So the UK’s credit rating has changed from one capital letter and two small letters to one capital letter, one small letter and a number. I was under the impression having numbers in a credit rating was good. I was wrong. Apparently this could spell more bad times for the UK economy.
At this moment I’m trying to feel sympathetic for my home country. The downgrade by Moody’s from Aaa to Aa1 looks sure to signal further economic problems for everyone. Not for this ex-pat, however. I changed some dollars into pounds last weekend and received way more Sterling than I expected to. Economic problems? What economic problems. This is great. I now have enough British money to buy birthday cards and birthday badges for all my relatives born in March (six to be exact). Then there is UK Mother’s Day and a friend’s 30th too. Moody’s couldn’t have timed this better. If this continues, by the time I go home for a holiday this summer I might be able to afford a wedding gift to go along with the card I already have for some good friends who are tying the knot.
This sympathy thing isn’t as easy as I thought. Maybe this also has something to do with the face of the downgrade saga, chancellor George Osborne. I know it is very easy to blame the man in charge of clearing up the mess, especially when things start to go wrong again, but Osborne is very difficult to like. He looks shifty. When he speaks it feels like he’s always talking down to you. He’s also from a very privileged background, which means taking him or any other Tory minister seriously on subjects like “being in this together” is extremely hard to do.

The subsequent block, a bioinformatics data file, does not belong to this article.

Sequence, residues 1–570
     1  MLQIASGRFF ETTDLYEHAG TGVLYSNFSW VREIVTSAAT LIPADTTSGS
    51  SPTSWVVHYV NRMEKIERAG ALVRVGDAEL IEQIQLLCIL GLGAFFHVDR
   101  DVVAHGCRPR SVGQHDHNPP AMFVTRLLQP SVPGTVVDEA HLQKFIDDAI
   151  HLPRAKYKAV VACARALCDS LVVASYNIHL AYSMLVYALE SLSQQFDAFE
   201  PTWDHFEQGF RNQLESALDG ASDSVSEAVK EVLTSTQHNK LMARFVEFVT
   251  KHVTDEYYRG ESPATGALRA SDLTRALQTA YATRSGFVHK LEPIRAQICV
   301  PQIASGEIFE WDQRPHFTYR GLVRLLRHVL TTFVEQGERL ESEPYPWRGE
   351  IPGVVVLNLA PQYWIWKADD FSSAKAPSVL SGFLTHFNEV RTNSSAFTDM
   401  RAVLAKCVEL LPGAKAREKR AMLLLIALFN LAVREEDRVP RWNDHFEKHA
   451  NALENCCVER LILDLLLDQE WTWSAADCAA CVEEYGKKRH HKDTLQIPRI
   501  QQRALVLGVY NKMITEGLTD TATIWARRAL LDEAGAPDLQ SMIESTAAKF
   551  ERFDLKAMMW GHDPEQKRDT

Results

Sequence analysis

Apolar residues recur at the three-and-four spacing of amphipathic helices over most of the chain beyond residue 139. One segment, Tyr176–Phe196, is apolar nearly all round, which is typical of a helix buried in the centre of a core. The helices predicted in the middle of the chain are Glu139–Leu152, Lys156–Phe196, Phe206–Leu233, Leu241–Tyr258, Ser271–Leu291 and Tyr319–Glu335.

Not that this really matters to the government. Everyone has to vote for somebody, and the options are pretty slim at present. I have my doubts as to whether the country would be any better under anyone else. It just so happens that the face of the current problems is hard to take to. The economic hardships seem likely to continue for a good while yet. Osborne announced today that the government is to push forward with it’s plans on debt reduction, while blaming the downgrade on global issues (this sounds like 2009 all over again). He also changed his stance on the top credit rating being vital for the economy. He now believes the day-to-day test via financial markets is as good an indicator. It’s good to stay positive, isn’t it.
For my part I’ve banned myself from talking directly about gas prices to UK residents, so as not to make them feel any worse (eight dollars a gallon anyone?). It’s a small gesture, I know, but it might go some way to restoring my sympathy chip. Plus, I get to try positive spin for a change. Unfortunately, no amount of positive spin will restore the UK’s economic reputation any time soon.